BOS suspension, based in France was established in 1999 and has a similar, albeit much shorter history to that of Öhlins as far as being a manufacturer of high-end suspension in motor-sports… except that BOS actually started out in bicycle suspension. Founder Olivier Bossard started BOS for the purpose of improving a stock mass-produced fork’s damping and in turn assisted many in becoming world champions in downhill and XC. His talents in suspension damping then led him to motor-sports and away from bikes with many wins including a World Rally Championship.
Getting back into the un-motorized sports (insert e-bike jab here), BOS went all out as they felt their dampers needed a deserving chassis. They sent us the revised Deville TRC, (we got one of the only ones in the wild… it’s #009 off of the assembly line), that has some interesting tech without any of the excess “modes” found on most others. We also got our hands on their highly acclaimed KIRK 2 three-way shock that has the same abundance of tune-ability…
Having had quite a successful and well-established presence in Europe, despite their worthy performance, the biggest thing holding them back in the US was a lack of parts and service centers to maintain them. To remedy that, BOS has set up shop with QBP’s service center to provide easy to obtain parts and service. Currently most parts are in stock with more on the way. Shops and tech-savvy consumers can purchase parts to perform basic services and complete services will need to be sent in. According to QBP’s service department, there is an average 4 to 5 day turn around on all service, and for a slight up-charge, they offer a 2 day “Premium Service” turn around.
If you’re looking for a turn-key fork that you can pretty much just air up and go… this is not it. The Deville TRC fork ($1,200), is designed to be properly tuned. There is no lock-out or “ride characteristic” modes. Rather than using a sealed damper cartridge, BOS uses an open bath design using shims like that of motorcycle forks. Adjustments include the TRC (Twin Rate Curve) switch, rebound and high & low speed compression. This may sound complicated, but it’s really rather simple as you set and forget and only make small adjustments if need be on different trails.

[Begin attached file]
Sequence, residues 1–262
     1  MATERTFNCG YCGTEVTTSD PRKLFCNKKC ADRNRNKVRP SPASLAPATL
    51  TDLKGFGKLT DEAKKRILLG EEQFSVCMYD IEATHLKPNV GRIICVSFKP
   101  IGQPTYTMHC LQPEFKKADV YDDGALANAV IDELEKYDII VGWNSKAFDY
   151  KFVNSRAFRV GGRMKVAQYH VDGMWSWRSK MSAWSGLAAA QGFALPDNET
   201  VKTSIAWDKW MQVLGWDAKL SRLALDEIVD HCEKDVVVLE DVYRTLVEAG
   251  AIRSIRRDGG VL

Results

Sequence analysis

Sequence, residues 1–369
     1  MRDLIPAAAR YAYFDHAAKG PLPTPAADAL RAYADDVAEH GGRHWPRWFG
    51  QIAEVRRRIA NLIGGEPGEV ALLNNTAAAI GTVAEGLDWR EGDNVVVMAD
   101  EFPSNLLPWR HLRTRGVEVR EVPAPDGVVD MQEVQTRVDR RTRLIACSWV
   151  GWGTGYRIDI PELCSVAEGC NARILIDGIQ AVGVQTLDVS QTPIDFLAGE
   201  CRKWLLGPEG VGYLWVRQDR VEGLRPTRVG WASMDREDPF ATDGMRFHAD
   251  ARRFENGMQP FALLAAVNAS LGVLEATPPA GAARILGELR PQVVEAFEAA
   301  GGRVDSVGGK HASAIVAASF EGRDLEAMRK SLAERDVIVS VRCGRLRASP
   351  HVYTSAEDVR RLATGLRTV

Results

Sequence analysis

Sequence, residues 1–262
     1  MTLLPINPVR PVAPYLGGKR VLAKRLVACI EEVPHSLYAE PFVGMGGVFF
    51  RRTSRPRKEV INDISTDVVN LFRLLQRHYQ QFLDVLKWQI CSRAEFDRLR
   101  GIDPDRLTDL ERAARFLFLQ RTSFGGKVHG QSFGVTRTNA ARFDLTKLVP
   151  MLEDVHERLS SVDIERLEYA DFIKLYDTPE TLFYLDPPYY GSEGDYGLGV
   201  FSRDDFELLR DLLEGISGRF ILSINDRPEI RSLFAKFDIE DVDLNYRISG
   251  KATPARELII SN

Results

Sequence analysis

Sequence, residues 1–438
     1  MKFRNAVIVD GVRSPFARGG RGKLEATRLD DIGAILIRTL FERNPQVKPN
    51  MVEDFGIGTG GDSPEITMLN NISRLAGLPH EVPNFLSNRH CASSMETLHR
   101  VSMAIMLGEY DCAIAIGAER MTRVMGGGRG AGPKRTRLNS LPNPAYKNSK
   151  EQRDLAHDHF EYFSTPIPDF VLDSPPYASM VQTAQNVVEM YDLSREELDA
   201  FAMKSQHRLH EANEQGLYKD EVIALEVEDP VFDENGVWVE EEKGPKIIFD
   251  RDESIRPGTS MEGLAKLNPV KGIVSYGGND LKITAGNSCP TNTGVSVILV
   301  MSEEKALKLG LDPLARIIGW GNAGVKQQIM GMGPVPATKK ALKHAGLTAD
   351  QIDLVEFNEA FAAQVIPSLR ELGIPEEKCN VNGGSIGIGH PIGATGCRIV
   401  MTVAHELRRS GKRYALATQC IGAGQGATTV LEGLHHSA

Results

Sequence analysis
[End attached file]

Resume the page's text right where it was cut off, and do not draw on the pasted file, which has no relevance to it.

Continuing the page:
The TRC switch (L)
ramps up the fork’s compression & rebound (it gets firmer in both directions) as well as limits the fork’s travel to 110mm (but will give up 130mm if you hit something big). I don’t get along with lockouts, (unless on a long road), as the suspension still needs to do its job if the climb is anything but concrete smooth, (that and I forget to unlock it sometimes). The TRC sounds like something I could live with since there is little compromise so I’m looking forward to see if it works as good in practice as it sounds in theory.
Rebound (C) is pretty much just that… it’s when you turn the fork over you see the business end. The two knobs, though enticing, it’s worth doing a little research before messing with these. The high & low speed compression (R), controls the speed at which the fork reacts under compression. Slow speed compression controls things like pedaling forces and gradual changes in the terrain, but needs to be adjusted to keep the bike from suffering from too much sag while riding so it can use the optimal amount of travel when needed. High speed compression controls the speed of the fork over sharper bumps like roots and squared edges. Blindly messing with these can mess things up, but luckily, BOS provides a great set of recommendations for all of these and even has air pressure recommendations for both recreational and racing use.
I’ve always like’d BOS’s thru-axle as the simple effective design doesn’t require a massive amount of tightening down to hold it in place. Even better the few people left out there hurt over the death of the 20mm thru-axle on sub 7-inch travel bikes can rejoice as the Deville’s lowers are made for a 20mm thru axle and uses an nifty little adapter so it will work with the more common 15mm thru-axle.
The Kirk 2 three-way piggy back shock ($850), has the same rebound and high & low speed compression adjustments as the Deville as well as a switch that locks out the low speed compression to aid in climbing. You can also add volume spacers to change how progressive the shock’s curve is.
The weight of the Deville came out 75g above the claimed 2050g, but that is including fluids and the thru axle. The Kirk 2 three-way came in at about 50 grams under the claimed 450g. Overall details of the fork and shock are superb and I’m looking forward to seeing how it performs on my Banshee Spitfire that is currently running a Pike and a Cane Creek Double Barrel.